we write about the things we build and the things we consume
Garry Wilson

moving the endpoints

In my previous post, I talked about how we’re moving away from Apache, and embracing Nginx for Atlas and Voila — our two main API endpoints. Doing so is no quick or easy task; we’ve put a lot of effort into optimising the Nginx configuration that we’ll be using to make sure it can do everything Apache is currently doing, but better.

Atlas and Voila are busy APIs. We average over 12 million requests between them each day, and both services are covered by comprehensive SLAs to various clients, where we offer some guarantees against expected response time of a request and what uptime we strive to maintain.

So, given that we have to ensure Atlas and Voila are available around the clock, and perform quickly, how do we manage to completely scrap the web servers allowing that to happen in our move to Nginx?

cheap, unlimited testing infrastructure

To allow us to test the changes, we first spun up a disposable EC2 instance for Nginx, where we could play around with the jfryman Puppet module for Nginx mentioned in the previous post. It’s also where we worked out the bugs around Dnsmasq, and the settings we’d need to resolve IP addresses properly. We got a basic but working vhost template that could do in Nginx what we were currently doing in Apache.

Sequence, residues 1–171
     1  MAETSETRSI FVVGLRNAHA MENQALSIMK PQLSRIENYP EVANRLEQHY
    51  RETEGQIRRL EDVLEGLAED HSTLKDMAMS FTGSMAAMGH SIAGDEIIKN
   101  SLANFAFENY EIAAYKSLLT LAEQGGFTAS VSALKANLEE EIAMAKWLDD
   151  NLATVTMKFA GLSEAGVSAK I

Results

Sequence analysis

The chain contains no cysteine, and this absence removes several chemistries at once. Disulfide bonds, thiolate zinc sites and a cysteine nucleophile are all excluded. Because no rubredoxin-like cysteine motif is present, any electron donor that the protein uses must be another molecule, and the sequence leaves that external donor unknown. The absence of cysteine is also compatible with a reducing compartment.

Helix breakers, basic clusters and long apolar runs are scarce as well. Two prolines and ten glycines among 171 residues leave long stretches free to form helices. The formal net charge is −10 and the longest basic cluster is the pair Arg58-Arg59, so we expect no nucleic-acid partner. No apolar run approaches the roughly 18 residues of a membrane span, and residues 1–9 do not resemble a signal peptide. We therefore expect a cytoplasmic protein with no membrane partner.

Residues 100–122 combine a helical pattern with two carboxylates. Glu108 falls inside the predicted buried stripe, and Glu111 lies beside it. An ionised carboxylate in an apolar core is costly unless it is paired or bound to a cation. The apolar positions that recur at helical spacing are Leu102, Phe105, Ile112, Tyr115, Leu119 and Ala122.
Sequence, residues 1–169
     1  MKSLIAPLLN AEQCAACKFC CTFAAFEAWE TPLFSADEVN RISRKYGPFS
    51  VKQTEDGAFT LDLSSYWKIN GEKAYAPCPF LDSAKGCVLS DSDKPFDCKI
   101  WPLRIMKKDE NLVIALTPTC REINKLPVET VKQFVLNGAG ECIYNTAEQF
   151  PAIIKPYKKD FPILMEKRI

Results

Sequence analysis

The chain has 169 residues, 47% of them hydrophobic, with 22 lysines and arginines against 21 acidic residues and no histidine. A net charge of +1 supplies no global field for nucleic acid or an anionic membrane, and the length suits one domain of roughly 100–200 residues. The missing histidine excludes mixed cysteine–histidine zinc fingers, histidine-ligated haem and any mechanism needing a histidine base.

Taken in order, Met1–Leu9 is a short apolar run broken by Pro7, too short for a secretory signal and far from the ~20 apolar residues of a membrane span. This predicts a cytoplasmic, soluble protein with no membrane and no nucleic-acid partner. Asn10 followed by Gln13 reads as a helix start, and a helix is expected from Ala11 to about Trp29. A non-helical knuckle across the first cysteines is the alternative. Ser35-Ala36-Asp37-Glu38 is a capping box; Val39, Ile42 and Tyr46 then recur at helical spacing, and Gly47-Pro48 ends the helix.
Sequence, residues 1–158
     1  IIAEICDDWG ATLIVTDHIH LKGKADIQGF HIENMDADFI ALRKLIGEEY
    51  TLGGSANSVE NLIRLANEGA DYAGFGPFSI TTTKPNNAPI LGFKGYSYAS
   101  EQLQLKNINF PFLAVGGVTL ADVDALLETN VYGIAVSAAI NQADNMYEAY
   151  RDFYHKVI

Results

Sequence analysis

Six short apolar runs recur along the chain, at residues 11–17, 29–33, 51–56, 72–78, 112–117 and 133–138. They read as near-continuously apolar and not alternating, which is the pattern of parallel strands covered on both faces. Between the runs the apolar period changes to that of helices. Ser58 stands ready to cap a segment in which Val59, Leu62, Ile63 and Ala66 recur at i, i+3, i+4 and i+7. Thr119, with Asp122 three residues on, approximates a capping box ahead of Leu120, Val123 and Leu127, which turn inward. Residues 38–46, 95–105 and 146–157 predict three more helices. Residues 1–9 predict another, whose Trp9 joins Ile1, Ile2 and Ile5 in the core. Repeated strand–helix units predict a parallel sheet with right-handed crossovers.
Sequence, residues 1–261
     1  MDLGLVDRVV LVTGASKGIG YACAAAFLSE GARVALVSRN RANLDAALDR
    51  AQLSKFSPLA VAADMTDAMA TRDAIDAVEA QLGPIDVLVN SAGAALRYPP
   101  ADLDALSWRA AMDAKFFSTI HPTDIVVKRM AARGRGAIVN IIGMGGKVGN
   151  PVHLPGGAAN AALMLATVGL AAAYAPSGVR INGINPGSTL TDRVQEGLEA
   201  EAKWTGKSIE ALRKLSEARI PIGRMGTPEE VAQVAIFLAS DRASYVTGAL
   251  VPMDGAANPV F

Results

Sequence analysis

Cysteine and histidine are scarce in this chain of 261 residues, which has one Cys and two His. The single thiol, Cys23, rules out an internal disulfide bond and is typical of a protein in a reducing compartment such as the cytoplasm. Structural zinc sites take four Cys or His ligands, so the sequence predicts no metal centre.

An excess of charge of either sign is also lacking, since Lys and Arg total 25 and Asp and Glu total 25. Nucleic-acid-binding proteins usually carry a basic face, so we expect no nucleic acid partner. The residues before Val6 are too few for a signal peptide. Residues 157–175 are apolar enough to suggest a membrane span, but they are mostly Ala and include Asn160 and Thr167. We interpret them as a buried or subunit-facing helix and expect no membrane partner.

Once we were happy the basic config was stable and not going to cause an issue alongside an Apache install, we moved to our stage Voila servers, and then to production.

elb – elegant load balancing

The basic config that we put on our stage and production environment had one small difference; we’d specified different listening ports in Nginx, so as not to conflict with the Apache service that was in place. We could then also add those same ports to our production ELB — in other words, we can run testing of our draft Nginx configuration alongside live production traffic to Apache on ‘real’ hardware. This allows us to simulate what would happen on the production hardware with little risk.

From then, we simply call voila.metabroadcast.com:81/1.0/schedules/, where 81 is the port Nginx is set to listen to. We ran load testing and checked every possible scenario and rewrite rule to verify our configuration was correct, and matching what was being returned on the default Apache port 80.

Once all the testing was done, we worked to have Nginx log in a way that could be handled by our existing logging infrastructure. This will help us evaluate how Nginx is performing over time, now that we’re putting it live to production Voila traffic. We’d love to hear your views about the newly Nginx’d Voila, and if you notice any differences — get in touch on Twitter to let us know!

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